Those who read Mary Morrissy's first novel, "Mother of Pearl," and saw that Ireland had produced yet another powerful voice--tragic and lyrical and slyly humorous in the Irish tradition, yet completely original--will be disappointed a little by these 15 stories.
For some reason, the weakest tales seem to come first. They begin with a novelistic amplitude and abruptly peter out, or they conclude shockingly but flatly. In "Bookworm," the narrator steals and shreds books; in "Possibilities," a woman catches a venereal disease from her lover; in "Rosa," the narrator's sister leaves an unwanted baby to die in a Christmas creche.
We miss how, in "Mother of Pearl," one fully realized world gave onto another. The very title suggested this depth and luminescence, as well as being a literal description of the heroine--a girl who grows up in a sanitarium when tuberculosis ravaged Ireland, longs for a normal family life and, when released, seizes her chance to steal a baby, whom she renames Pearl. That girl, returned by the authorities to her real parents, grows up in turn with a mysterious sense of having once been somebody else.
"A Lazy Eye" wins us over, however--in part because the worlds of the different stories serve as the sections of the novel did: as variously colored decanters for Morrissy's sensibility.
Then, too, the stories get better. The turning point is the title story, about Bella Carmichael, one of 11 siblings in a poor Dublin household, whose only distinction has been a childhood case of "lazy eye," soon corrected. Traveling alone in Europe in vain hopes of adventure, she is thrown off a train for "bleeding in public"--she has run out of tampons.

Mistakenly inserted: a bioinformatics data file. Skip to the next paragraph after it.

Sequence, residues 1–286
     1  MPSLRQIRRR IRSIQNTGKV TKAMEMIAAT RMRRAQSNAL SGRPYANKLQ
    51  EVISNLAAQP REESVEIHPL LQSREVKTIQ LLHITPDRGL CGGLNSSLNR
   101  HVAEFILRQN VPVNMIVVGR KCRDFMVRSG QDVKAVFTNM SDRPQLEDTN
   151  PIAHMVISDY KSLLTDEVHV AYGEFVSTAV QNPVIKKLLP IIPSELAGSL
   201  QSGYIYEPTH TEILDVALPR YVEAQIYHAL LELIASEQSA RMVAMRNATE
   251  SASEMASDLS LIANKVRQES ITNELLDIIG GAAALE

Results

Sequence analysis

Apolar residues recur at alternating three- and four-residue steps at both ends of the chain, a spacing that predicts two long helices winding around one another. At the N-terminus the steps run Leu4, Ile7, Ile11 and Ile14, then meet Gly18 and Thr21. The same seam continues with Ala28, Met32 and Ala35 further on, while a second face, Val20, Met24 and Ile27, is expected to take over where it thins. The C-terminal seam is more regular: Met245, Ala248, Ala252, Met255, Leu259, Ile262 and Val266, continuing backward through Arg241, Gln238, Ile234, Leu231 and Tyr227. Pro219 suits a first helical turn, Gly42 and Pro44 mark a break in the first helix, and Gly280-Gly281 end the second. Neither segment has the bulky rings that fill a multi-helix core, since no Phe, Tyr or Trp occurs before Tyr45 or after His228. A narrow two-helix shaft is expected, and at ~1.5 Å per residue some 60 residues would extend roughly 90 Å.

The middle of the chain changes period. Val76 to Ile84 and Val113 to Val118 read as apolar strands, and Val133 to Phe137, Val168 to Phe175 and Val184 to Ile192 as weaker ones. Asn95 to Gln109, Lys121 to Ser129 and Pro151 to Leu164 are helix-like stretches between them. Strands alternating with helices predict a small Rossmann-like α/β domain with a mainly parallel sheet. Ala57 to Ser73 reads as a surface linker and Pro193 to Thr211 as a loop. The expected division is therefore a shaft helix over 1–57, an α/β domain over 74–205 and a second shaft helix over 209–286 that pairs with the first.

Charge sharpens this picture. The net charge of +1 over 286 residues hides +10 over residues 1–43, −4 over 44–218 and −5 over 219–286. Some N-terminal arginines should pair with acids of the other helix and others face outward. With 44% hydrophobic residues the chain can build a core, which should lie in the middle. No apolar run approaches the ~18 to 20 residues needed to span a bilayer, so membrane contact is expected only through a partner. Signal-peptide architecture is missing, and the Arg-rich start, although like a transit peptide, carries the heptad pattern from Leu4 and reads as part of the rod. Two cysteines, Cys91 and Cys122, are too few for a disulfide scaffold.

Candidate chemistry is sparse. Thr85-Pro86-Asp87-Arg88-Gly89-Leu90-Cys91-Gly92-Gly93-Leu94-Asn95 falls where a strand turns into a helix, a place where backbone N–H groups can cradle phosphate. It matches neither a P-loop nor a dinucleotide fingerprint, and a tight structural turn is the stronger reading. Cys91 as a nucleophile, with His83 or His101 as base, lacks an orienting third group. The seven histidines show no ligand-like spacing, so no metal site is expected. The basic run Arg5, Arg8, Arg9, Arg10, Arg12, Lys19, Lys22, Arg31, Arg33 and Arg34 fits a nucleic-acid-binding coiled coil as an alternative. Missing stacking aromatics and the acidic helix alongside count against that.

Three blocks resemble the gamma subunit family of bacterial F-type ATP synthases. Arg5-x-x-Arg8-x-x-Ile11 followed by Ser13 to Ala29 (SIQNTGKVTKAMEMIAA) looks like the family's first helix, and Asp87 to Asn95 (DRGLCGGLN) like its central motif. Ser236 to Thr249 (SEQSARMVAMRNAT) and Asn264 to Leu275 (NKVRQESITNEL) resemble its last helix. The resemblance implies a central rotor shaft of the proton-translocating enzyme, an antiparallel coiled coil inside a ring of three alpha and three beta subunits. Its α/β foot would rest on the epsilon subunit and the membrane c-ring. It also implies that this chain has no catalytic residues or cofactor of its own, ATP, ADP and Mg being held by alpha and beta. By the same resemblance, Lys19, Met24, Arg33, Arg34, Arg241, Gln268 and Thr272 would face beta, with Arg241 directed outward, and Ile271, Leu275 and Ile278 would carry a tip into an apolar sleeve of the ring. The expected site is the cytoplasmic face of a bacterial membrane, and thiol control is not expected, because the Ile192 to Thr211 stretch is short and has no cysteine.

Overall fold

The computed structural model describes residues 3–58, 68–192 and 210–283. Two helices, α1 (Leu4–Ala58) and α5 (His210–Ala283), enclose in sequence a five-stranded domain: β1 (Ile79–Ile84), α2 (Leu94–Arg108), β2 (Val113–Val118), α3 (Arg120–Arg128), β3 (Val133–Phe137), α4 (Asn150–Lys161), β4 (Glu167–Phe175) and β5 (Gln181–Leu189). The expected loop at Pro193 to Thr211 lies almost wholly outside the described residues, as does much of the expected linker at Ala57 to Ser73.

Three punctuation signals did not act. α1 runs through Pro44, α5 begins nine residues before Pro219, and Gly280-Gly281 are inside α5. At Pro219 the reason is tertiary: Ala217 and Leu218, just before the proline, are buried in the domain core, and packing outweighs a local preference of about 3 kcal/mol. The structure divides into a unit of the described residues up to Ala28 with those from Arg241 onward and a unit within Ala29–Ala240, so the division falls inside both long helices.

"She was determined to be dignified. She had, after all, been waiting for this moment all of her life." But as the train pulls away, Bella's exhilaration fades: "She thought about home--the ramshackle house . . . the crowded bedrooms, the lack of privacy and space, the pans of white bread and the cheap cuts of meat . . . these were what had marked her out. There would be no large, singular event to validate her existence. There would only be more of this--official retribution. . . . She felt as she did when the doctor had first taken the glasses with the eye patch off; her vision unobscured."
A constricted life, a warped attempt to break out of it, a residue of essential innocence, the inevitable punishment--this is Morrissy's territory indeed.
It's no accident that babies figure so prominently in these stories. Stolen babies, sick babies, drowned babies, yet-unborn babies arousing jealousy in their parents and siblings. The critic Edwin Muir once said of Dostoevsky that he wrote "as if the unconscious were conscious." Morrissy writes as if the primitive passions that lie coiled even in civilization's innermost redoubt, the nursery--snakes among the teddy bears--are hardly disguised at all.
In "Invisible Mending" a man who was abused as a child uses his knowledge of fear to extract false confessions from immigrants detained by the police. In "A Marriage of Convenience," an English-speaking tourist marries a waiter, to help him flee the war-torn Central American country of El Quistador. Later, the waiter narrating his version of things, tells us that he truly loves her. Just as we begin to sympathize with his plight, Morrissy wickedly turns the tables with the story's last two lines:
"I sometimes fear that Judith will never recognize my love and that in the end I shall have to force it on her. I am, after all, her husband."
The best story here is probably the last, "A Curse." Clara, a girl from a poor Dublin family, baby-sits for an affluent one and falls in love with its whole lifestyle. While the wife is having a new baby, the teenager's love focuses on the husband, who has stayed at home. When the wife returns, he makes light of the girl's declaration of love for him; she interprets his jocularity as ridicule. Before leaving her job for good, she sticks a pin in the newborn child. "Clara had drawn blood." And, since this is a Mary Morrissy story, that, too, has its consequences.